The worldview is firstly a specific knowledge; but more importantly, it is one of formulating this knowledge into ways and methods which can be used in our daily life. One aspect deals with regulating our own mind; the other aspect deals with benefiting sentient beings, bringing happiness, a healthy life, and joy to more people – this is also the basic tenet of Buddhism.

~Depicted from ARE YOU READY FOR HAPPINESS - The Significance of Buddhist Philosophy Today

What Buddhism does acknowledge is that sentient beings do not have free will over their cyclic existence, and that it is not without causes that we keep roaming about involuntarily in samsara. Yet causes and conditions can be changed and improved because they are compounded phenomena.

~Depicted from THE RIGHT VIEW - The Twelve Nidanas1—the sequence of cyclic existence

To treat mental problems we must work with the mind. Nothing could be more appropriate for the treatment of mental conditions than methods that work with the mind. Especially in our present business-oriented society, it is imperative that we look immediately for methods and answers within the Buddhist culture to address concrete problems in our life, and ameliorate the stress and anxiety we feel.

Of course, if we are always lingering on the outside, analyzing and judging Buddhism from the standpoint of a bystander, the result cannot be good. However, if we are willing to joyously approach, even readily seek, the teachings of the Buddha, I am certain answers can be found to our satisfaction.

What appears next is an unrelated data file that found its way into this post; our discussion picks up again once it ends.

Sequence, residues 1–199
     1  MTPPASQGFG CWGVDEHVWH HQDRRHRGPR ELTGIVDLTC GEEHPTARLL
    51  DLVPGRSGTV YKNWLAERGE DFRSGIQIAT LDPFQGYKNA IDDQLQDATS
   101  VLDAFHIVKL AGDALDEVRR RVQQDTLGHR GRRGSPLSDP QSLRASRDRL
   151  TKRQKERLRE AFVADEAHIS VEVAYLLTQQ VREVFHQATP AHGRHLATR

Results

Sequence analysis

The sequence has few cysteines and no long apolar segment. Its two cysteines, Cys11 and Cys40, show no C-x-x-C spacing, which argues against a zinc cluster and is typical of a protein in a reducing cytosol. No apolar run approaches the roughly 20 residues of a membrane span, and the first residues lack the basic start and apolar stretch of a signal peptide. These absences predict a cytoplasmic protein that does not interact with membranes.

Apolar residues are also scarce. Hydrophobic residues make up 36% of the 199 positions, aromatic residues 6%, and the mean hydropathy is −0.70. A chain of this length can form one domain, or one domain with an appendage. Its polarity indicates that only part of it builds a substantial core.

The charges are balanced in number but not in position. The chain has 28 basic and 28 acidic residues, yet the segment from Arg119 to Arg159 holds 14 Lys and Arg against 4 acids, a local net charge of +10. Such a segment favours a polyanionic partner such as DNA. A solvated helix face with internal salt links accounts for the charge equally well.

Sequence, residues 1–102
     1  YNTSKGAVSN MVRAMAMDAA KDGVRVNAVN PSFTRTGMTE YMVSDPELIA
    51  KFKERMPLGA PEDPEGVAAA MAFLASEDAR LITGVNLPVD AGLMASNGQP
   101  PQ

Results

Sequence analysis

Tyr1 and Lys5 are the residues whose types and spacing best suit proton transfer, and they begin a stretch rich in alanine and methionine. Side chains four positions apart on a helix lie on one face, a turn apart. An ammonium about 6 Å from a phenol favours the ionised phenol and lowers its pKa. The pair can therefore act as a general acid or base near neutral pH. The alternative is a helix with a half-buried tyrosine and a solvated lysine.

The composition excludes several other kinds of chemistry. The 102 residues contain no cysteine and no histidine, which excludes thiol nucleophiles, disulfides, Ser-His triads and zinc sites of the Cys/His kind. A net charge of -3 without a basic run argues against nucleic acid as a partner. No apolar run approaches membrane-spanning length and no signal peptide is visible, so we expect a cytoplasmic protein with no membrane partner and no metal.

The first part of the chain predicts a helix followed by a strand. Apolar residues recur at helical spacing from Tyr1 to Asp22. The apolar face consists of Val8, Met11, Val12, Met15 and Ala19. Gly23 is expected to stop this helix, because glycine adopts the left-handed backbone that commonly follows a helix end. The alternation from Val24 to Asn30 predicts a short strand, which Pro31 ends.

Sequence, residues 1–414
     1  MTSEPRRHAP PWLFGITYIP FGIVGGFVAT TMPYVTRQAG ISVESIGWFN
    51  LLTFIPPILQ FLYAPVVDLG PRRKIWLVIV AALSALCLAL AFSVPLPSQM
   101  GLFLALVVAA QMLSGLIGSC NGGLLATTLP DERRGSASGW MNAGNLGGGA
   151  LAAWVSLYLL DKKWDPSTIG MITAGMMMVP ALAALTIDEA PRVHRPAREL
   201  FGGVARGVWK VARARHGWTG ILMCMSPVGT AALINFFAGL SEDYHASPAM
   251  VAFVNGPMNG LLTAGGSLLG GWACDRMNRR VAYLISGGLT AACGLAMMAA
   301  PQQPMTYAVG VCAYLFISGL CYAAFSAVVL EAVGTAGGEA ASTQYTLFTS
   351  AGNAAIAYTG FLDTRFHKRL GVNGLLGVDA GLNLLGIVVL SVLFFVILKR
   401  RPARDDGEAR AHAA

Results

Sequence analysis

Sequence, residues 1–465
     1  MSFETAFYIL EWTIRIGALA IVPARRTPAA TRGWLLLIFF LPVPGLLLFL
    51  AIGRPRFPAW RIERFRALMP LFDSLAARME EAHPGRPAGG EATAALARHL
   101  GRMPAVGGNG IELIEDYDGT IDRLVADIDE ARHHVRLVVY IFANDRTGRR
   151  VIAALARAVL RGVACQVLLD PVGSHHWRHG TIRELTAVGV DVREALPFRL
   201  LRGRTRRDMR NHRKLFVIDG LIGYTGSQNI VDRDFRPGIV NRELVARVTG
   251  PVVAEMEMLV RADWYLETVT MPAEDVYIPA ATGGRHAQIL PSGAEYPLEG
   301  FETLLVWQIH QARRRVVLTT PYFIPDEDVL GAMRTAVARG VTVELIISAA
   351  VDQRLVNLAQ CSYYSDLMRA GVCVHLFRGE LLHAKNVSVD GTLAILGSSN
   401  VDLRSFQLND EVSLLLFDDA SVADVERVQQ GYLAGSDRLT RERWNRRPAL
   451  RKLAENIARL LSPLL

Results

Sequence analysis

~Depicted from ARE YOU READY FOR HAPPINESS - The Significance of Buddhist Philosophy Today

When facing death, all the worldly wealth, knowledge, experience and so forth are rendered useless. Without prior training in preparation for one’s mortality, every person, however prominent his or her status in life is, will panic in the face of death. Many people become extremely pessimistic and despaired, turning gray-faced and gaunt in no time, after being diagnosed with advanced cancer and given the verdict of death by the doctors. Very often their fear is more detrimental to their condition than cancer itself.

~Depicted from THE HANDBOOK'S FOR LIFE JOURNEY - On Death And Rebirth-How to Face Death

We have all seen the weapon-like objects such as a sword held by Manjusri and many other bodhisattvas. These weapons are not meant for subduing any beings but destroying desire, anger and delusion. The purpose for learning and practicing Buddhadharma is to enable us to face, control and eliminate all defilement, which are also the mission and the goal of Buddhists. The criterion for measuring the quality of any practice is not the amount of mantra recited, the extent of merit accumulated, or how one fares in money terms, job, health, etc., but whether negative emotions have been reduced. For example, we can check if we feel as angry as before when others insult or bully us now. If anger remains the same, our endeavor to learn the Dharma basically loses its real purpose. Naturally, it is impossible to completely eliminate negative emotions before realization of emptiness is attained. We can only somewhat keep them under proper control.